90.9 WBUR - Boston's NPR news station
Top Stories:
PLEDGE NOW
Here and Now with Robin Young
Public radio's live
midday news program
With sponsorship from
Mathworks - Accelerating the pace of engineering and science
Accelerating the pace
of engineering and science
Thursday, March 29, 2012

Seeing The History Of The Hoodie In A Photograph

In this image posted to Miami Heat basketball player LeBron James' Twitter page, Miami Heat players wear team hoodies in response to the shooting of unarmed teenager Trayvon Martin, who was wearing a hoodie. (AP/LeBron James via Twitter)

The death of Trayvon Martin has made a symbol of a simple piece of clothing — the hooded sweatshirt.

Martin was wearing a hoodie when he was shot and killed by George Zimmerman last month in Sanford, Fla. In his 911 call, Zimmerman described the teenager’s hoodie and told police he looked suspicious.

Since then, thousands of people have donned hoodies in protest.

Illinois Democratic Rep. Bobby Rush was reprimanded yesterday for wearing a hoodie during a speech in the House to protest the shooting death of Martin. “Just because someone wears a hoodie doesn’t make him a hoodlum,” he said.

There was also a “Million Hoodie March” in New York last week. And over the weekend, church-goers across the country wore hoodies to worship.

Then there’s the photo of 13 members of the NBA’s Miami Heat wearing black hoodies with their heads bowed.

Mark Feeney, The Boston Globe’s Pulitzer prize-winning photography critic, says that the Heat photo is simple, reserved and eloquent and addresses not the law and the controversy, but “morality and grief.”

Feeney writes that there has been an association between the word “hood” and illegality that goes as far back as medieval times, for instance with Robin Hood.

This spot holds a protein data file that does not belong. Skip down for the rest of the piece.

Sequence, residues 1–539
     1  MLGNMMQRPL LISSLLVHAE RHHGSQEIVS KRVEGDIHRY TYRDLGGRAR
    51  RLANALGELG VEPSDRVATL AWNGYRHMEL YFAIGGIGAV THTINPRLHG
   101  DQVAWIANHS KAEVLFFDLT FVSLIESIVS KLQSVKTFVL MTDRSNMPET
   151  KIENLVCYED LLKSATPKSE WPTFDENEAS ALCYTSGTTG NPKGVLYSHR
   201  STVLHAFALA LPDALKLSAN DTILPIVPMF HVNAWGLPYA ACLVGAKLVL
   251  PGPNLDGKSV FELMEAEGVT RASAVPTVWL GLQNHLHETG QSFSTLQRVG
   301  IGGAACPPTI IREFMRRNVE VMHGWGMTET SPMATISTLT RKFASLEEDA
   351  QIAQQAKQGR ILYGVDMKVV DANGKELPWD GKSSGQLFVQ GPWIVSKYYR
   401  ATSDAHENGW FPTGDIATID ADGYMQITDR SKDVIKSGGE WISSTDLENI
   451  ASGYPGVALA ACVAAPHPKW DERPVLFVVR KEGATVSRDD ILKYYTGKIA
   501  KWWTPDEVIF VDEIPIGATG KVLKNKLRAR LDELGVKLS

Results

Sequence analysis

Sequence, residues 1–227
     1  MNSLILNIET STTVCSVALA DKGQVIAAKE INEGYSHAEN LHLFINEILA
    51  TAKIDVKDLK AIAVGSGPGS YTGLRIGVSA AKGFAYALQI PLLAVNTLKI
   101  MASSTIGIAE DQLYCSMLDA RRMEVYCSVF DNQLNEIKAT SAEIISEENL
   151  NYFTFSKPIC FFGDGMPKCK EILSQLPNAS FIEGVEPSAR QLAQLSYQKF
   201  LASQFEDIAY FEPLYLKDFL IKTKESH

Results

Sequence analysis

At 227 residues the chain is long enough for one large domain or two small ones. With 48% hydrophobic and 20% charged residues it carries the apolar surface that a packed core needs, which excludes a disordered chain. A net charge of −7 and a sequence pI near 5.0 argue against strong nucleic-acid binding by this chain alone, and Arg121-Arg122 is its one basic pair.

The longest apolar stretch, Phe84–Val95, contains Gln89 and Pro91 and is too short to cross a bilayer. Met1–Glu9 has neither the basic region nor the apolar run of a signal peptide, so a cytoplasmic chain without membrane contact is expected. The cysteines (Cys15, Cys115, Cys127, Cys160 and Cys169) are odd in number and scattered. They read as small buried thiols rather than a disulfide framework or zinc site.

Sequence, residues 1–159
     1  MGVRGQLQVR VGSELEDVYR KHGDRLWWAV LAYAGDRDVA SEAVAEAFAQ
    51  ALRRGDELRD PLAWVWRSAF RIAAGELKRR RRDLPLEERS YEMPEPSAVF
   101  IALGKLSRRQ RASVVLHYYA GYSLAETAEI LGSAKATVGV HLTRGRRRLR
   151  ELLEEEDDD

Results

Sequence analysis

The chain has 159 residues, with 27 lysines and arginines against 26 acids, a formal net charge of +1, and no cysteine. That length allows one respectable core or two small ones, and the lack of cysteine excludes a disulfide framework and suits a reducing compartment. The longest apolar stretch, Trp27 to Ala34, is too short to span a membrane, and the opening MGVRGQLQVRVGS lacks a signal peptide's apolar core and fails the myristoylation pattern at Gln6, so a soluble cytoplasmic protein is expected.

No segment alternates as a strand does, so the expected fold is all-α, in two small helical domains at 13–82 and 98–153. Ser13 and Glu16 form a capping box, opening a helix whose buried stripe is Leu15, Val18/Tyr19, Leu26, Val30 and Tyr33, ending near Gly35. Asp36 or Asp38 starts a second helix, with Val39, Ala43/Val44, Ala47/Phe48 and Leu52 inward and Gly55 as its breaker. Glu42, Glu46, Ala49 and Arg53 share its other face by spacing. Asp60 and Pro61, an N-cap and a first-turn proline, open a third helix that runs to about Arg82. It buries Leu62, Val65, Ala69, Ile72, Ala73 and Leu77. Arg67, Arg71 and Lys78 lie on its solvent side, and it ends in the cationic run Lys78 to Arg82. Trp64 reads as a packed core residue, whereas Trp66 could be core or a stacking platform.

“Robin Hood robbed from the rich to give to the poor, but it was still robbery,” he said. “Hoods conceal or obscure. They can disguise or seem menacing. Such terms as ‘hoodlum’ and ‘hood’ bespeak this tradition. In a different way, the ‘hood can be a dangerous urban area, as in the 1991 film ‘Boyz n the Hood.’ ”

But Feeney points out that monks have also worn the hood, associating the clothing with peace and spirituality.

Guest:

  • Mark Feeney, The Boston Globe’s Pulitzer prize-winning photography critic

Please follow our community rules when engaging in comment discussion on this site.
Robin and Jeremy

Robin Young and Jeremy Hobson host Here & Now, a live two-hour production of NPR and WBUR Boston.

September 29 5 Comments

Michigan Coach Faces Criticism For Keeping QB In Play

University of Michigan quarterback Shane Morris was having trouble standing on his own after a major sack. The coach kept him in the game.

September 29 24 Comments

Methodist Pastor Faces Last Church Trial

Reverend Frank Schaefer, who was defrocked for officiating his son's same-sex marriage and later reinstated, awaits one more church trial. He writes about the experience in a new memoir.

September 29 7 Comments

Monarch Butterflies Could Be On Rebound

After precipitous declines in the monarch butterfly population, there are signs the species may be on the rebound.

September 26 4 Comments

Dean Of Boston Sports Journalism Celebrates 42 Years On The Job

Here & Now's Robin Young visits the most-beloved sportscaster you've never heard of: Jonny Miller.